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Distinguishing Between Good and Bad Stress is Key for Leaders
Date:9/18/2008

Proper Stress Management Can Make Leaders More Effective Over Their Careers

GREENSBORO, N.C., Sept. 18 /PRNewswire-USNewswire/ -- Stress is unavoidable. What's critical is knowing when one is moving from good stress to bad stress -- and leaders often are not aware of the difference, according to research from the Center for Creative Leadership (CCL(R)), a top-ranked, global leadership education and research organization.

When one's resources meet or exceed the demands put on a person, stress can show its positive side. That good kind of stress -- eustress -- acts as a stimulating factor that contributes to success. Eustress is the energy people feel when tackling a challenging assignment and feeling confident in their abilities. However, when demands exceed resources, people experience the type of stress associated with health problems and deteriorating relationships: distress.

"The key is to know which stress is which, how to judge reactions to various stressful situations and how best to manage the negative stress," says CCL senior enterprise associate Vidula Bal. "This is especially important for leaders, who face the additional stress brought about by the unique demands of leadership: having to make decisions with limited information, to manage conflict, and to do more with less."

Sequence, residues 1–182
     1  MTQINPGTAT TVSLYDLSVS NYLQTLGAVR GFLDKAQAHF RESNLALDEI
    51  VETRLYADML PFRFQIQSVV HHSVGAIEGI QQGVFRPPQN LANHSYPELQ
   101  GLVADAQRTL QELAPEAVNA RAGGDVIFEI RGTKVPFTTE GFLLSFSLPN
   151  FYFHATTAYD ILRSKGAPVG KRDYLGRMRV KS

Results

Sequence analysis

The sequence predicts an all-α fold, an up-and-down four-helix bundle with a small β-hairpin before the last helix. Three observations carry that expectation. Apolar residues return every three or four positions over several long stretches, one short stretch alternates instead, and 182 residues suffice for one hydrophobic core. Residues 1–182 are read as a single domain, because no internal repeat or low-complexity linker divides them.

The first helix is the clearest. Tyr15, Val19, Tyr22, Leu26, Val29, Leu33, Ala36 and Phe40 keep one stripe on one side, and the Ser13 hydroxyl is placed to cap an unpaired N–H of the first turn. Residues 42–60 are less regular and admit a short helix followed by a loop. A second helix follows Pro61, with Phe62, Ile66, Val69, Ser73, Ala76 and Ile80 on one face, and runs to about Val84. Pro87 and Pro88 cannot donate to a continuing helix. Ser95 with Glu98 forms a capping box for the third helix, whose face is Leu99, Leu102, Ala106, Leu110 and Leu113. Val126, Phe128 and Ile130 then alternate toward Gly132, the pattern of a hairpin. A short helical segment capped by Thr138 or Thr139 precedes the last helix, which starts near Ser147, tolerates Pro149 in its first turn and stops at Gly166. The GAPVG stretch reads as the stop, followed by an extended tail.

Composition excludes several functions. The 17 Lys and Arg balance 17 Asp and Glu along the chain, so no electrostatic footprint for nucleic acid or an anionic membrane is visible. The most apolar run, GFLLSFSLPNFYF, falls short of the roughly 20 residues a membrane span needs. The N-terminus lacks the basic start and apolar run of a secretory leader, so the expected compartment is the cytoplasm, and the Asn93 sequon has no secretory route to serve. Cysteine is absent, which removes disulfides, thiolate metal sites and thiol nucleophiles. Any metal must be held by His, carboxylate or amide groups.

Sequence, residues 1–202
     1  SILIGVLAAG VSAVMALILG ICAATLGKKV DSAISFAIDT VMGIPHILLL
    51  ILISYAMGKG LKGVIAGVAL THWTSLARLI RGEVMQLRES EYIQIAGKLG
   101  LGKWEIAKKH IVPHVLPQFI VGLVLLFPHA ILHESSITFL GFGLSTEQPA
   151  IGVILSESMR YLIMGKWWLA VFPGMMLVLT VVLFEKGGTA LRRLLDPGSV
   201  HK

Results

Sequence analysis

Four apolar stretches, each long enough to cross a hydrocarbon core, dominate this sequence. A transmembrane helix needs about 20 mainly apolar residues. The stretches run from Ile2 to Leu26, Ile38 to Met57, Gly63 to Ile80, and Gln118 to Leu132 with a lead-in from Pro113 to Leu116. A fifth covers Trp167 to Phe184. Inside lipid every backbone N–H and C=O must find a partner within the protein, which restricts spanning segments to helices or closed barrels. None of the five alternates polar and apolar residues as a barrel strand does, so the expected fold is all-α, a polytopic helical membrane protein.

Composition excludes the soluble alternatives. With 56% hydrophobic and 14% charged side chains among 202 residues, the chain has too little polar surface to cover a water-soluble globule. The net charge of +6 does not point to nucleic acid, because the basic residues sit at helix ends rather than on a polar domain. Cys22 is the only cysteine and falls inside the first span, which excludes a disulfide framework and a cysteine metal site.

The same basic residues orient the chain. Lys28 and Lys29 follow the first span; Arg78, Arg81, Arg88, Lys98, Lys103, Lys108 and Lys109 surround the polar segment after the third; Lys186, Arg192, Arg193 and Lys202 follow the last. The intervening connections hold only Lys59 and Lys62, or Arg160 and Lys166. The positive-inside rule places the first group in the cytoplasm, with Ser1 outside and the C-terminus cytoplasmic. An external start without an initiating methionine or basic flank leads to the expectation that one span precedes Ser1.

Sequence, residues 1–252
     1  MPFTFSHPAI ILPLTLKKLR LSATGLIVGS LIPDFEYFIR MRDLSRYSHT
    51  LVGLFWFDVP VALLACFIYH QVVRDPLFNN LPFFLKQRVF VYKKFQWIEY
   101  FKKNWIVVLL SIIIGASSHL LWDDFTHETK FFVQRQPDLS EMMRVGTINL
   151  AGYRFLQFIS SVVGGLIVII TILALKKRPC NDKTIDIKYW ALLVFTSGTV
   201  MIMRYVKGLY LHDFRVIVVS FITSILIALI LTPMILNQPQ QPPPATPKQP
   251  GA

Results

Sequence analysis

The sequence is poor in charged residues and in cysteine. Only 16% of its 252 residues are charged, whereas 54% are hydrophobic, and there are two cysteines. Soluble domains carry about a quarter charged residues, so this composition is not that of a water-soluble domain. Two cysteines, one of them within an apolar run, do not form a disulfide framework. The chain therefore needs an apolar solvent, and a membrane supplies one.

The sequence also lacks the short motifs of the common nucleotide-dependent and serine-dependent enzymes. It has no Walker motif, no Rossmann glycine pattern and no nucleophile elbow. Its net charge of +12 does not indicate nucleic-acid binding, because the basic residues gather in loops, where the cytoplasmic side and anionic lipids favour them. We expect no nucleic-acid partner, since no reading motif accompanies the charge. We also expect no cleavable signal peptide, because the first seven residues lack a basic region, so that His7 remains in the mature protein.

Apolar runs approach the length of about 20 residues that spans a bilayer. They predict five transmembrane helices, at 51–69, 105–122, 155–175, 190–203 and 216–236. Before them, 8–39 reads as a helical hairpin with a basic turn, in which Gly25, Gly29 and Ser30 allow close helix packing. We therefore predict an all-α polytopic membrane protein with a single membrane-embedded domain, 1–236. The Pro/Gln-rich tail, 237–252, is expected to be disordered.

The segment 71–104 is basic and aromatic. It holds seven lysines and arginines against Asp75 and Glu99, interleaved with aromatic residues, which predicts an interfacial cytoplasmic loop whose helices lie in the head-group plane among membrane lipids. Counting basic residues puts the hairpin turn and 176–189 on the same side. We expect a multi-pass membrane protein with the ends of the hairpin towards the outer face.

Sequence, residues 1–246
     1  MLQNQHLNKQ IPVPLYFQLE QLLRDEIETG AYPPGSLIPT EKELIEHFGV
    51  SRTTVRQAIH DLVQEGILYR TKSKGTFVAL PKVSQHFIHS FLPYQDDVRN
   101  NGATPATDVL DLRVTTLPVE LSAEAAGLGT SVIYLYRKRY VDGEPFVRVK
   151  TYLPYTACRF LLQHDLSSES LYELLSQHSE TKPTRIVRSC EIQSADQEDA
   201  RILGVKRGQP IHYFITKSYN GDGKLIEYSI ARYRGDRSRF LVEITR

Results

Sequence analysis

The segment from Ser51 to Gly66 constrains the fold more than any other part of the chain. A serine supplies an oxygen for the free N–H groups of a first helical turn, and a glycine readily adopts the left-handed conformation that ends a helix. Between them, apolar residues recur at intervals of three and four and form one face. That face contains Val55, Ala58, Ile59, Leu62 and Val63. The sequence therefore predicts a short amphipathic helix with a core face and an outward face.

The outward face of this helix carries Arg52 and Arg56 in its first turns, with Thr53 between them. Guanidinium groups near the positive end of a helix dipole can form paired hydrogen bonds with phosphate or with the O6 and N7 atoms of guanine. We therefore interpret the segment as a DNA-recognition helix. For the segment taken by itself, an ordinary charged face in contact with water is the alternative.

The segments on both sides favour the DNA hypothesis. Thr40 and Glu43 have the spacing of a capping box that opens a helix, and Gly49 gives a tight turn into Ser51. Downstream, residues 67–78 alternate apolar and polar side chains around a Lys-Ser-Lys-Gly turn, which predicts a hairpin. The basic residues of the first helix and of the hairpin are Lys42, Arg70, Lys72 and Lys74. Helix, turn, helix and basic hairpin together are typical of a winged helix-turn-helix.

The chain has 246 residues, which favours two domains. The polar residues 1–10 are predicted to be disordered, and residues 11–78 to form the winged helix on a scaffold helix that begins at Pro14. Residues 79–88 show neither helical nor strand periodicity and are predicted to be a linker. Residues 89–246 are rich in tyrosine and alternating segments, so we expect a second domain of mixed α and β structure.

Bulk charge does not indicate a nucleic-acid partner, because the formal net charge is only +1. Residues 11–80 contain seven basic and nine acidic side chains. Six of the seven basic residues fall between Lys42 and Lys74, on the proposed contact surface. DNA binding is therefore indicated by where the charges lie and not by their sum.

Bal, senior research analyst Michael Campbell and senior associate and exercise physiologist Sharon McDowell-Larsen, all based at CCL's Colorado Springs campus, are the authors of a new Ideas Into Action Guidebook titled, Managing Leadership Stress. The 32-page guidebook offers a series of practical tips on the causes of leadership stress and how best to handle it.

The authors identified 10 factors inherent to leadership roles that contribute to increased stress among leaders, including ambiguity; lack of control; working beyond technical expertise; too much success; doing more with less, faster; building relationships and managing conflict; developing and supporting others; personal insecurity; high expectations; and performance demands.